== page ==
The economy performed the worst in five years, growing at 4.4 per cent in the third quarter of this year compared to 5.6 per cent registered in a similar period last year.
The last time the growth slowed down to such levels was in the third quarter of 2012 when the country recorded a 4.4 per cent growth.
Kenya National Bureau of Statistics (KNBS) Director General Collins Omondi said the charged political environment coupled with effects of adverse weather slowed down the economy.
“The period under review registered the slowest growth since the fourth quarter of 2013 mainly due to suppressed performance in key sectors of the economy,” Omondi said.
Financial services sector suffered the most, shrinking from a 7.1 per cent in third quarter of 2016 to 2.4 per cent in the period under review.
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The sector has been starved of credit after the rate capping law was implemented. This is despite lower lending rates which declined to an average of 13.67 per cent in the third quarter of 2017 from 16.54 per cent during a similar quarter in 2016.
KNBS said the decelerated growth was mainly on account of constrained uptake of domestic credit that resulted in reduced growth from 15.3 per cent in the third quarter of 2016 to 5.2 per cent in the quarter under review.
Agriculture was undercut by a further collapse in the coffee industry which was once Kenya’s leading forex exchange earner.
The volume of coffee exports declined by 13.8 per cent from 10,900 tonnes in the third quarter of 2016 to 9,400 tonnes in the same quarter of 2017 which saw the performance of the Agriculture, Forestry and Fishing sector slow to 3.1 per cent compared to 3.8 per cent in a similar quarter of 2016.
In manufacturing sector, government subsidies buoyed the milling business but did little to save the sector which slowed to 2.1 per cent compared to 4.4 per cent registered in the same of quarter last year.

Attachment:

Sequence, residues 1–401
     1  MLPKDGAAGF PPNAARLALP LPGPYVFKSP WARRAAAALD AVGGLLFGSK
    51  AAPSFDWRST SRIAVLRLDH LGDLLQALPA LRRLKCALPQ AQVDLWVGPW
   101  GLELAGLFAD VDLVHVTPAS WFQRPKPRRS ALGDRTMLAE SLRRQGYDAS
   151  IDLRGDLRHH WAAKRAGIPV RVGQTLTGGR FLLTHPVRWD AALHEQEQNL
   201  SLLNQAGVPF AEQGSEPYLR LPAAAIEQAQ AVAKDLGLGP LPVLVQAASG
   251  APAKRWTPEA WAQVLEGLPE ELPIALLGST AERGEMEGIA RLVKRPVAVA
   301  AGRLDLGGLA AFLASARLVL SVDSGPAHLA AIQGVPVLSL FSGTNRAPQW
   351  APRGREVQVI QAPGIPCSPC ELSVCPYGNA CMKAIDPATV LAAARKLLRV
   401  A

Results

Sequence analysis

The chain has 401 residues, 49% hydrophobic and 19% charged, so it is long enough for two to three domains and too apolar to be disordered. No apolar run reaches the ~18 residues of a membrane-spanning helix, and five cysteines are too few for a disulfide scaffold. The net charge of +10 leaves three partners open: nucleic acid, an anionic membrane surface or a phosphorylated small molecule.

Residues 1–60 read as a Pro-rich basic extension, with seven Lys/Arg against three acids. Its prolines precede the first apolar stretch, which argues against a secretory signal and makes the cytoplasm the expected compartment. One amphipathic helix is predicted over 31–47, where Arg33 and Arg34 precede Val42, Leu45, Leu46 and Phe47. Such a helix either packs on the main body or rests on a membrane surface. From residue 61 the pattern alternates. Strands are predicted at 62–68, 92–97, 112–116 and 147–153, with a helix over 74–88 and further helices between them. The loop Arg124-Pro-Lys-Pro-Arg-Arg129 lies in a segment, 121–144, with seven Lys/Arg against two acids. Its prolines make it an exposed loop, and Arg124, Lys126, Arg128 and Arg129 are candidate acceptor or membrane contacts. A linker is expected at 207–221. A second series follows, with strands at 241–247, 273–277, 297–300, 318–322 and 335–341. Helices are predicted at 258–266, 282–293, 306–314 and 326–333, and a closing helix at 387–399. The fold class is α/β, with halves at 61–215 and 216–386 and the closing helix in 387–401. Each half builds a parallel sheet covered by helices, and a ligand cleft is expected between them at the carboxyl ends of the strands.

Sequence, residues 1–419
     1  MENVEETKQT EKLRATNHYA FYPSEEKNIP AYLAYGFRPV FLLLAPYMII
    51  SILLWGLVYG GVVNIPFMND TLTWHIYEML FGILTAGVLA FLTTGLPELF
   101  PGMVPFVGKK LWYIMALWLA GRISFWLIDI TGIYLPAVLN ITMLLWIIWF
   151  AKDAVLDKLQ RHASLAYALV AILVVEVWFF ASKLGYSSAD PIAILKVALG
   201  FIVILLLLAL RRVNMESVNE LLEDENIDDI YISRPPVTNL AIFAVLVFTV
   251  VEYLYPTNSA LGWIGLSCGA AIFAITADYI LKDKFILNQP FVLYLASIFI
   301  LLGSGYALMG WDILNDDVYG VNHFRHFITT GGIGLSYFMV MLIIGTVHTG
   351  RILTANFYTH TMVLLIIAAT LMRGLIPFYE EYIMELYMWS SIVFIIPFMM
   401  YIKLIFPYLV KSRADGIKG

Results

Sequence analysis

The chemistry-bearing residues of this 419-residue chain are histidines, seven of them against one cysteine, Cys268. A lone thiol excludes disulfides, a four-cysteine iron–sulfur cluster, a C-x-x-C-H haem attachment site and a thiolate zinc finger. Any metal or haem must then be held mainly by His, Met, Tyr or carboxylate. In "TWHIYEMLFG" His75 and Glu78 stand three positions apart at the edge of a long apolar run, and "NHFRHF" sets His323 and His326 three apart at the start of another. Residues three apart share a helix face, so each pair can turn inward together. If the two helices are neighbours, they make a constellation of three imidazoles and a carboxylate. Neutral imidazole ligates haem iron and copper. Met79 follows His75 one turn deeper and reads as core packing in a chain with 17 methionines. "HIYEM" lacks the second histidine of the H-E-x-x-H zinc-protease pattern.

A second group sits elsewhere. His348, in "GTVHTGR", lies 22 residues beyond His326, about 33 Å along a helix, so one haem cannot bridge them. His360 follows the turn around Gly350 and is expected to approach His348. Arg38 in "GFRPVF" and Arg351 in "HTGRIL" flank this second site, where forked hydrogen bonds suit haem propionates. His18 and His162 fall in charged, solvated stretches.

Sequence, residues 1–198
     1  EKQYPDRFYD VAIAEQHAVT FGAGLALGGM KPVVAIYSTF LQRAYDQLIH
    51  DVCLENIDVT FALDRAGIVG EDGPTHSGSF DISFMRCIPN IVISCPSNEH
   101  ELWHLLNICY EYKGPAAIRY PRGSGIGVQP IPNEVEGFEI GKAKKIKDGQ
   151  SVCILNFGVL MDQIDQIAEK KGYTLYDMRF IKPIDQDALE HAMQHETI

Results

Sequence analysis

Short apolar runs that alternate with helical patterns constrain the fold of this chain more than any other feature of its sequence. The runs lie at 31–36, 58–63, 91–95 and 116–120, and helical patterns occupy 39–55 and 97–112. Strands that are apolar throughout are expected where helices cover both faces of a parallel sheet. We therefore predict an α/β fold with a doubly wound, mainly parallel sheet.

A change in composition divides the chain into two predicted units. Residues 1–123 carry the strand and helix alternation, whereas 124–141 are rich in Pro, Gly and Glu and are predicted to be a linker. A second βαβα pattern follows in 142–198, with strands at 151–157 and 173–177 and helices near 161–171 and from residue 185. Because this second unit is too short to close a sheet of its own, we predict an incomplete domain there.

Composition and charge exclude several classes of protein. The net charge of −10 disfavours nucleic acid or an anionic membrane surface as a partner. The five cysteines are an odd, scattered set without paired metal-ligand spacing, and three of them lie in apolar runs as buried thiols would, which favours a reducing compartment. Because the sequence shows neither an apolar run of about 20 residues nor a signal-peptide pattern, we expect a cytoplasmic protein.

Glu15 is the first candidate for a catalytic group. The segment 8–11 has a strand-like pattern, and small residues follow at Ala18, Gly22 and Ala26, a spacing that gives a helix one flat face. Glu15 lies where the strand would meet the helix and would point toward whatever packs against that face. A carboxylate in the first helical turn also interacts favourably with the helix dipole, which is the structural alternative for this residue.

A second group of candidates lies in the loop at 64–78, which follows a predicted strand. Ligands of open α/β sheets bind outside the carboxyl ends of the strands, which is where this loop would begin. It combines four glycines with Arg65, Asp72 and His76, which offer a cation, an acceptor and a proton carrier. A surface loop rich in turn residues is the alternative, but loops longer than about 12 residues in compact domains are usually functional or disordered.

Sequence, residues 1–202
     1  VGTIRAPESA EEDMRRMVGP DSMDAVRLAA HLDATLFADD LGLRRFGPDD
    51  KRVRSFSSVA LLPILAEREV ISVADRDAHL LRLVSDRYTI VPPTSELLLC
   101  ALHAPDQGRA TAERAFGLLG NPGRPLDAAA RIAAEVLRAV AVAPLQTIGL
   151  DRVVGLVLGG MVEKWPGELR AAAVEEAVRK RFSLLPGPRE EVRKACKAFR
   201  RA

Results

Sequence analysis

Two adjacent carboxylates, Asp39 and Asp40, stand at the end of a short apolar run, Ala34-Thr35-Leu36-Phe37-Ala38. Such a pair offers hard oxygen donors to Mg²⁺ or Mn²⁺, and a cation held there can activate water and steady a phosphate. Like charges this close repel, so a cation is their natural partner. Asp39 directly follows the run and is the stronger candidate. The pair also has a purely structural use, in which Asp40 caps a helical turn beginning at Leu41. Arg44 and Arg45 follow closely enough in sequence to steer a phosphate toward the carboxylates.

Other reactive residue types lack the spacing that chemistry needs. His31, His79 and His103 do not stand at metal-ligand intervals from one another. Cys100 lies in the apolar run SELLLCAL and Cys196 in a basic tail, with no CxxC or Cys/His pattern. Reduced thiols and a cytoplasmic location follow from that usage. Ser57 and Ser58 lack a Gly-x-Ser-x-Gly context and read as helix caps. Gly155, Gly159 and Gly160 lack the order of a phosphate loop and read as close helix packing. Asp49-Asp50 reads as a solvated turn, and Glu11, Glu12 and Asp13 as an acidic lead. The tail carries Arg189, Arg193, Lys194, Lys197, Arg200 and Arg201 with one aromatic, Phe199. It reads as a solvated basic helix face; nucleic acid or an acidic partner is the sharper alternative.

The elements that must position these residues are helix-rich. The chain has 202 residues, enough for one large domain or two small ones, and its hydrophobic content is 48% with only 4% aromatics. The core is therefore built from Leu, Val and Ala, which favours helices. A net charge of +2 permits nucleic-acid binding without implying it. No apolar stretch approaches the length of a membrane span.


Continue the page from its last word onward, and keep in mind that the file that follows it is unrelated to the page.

The rest of the sector slumped, especially with higher cost of electricity as drought limited hydropower (which declined 34.9 per cent) forcing electricity generation to rely on expensive thermal energy.
Electricity and water supply sector recorded decelerated growth of 4.8 per cent compared to a growth of 5.4 per in 2016 on the substantial increase (67.6 per cent) in the generation of electricity using thermal sources that constrains value addition due to its high cost.
End of the infrastructure boom spelled doom for the construction sector which expanded by 4.9 per cent compared to a growth of 7.8 per cent.
Cement consumption decreased by 13.1 per cent, from 1.621 million tonnes to 1.41 million tonnes which has seen Athi River Mining and Bamburi Cement issue profit warnings, while East African Portland Cement remains in the red.
The slowed growth is further explained by 66.1 and 37.9 per cent decline in the volume of imports of iron, steel products and cement respectively in the period under review.
In the hotel sector, growth in the politically charged months of July, August and September reduced from 13.5 per cent in the same period last year to 7.3 per cent, after posting remarkable performance over the last one and half years.
Accommodation and food service activities reduced from 13.5 per cent to 7.3 per cent after posting good performance over the last one and half years.
Growth was also recorded in professional, administration and support services and real estate activities.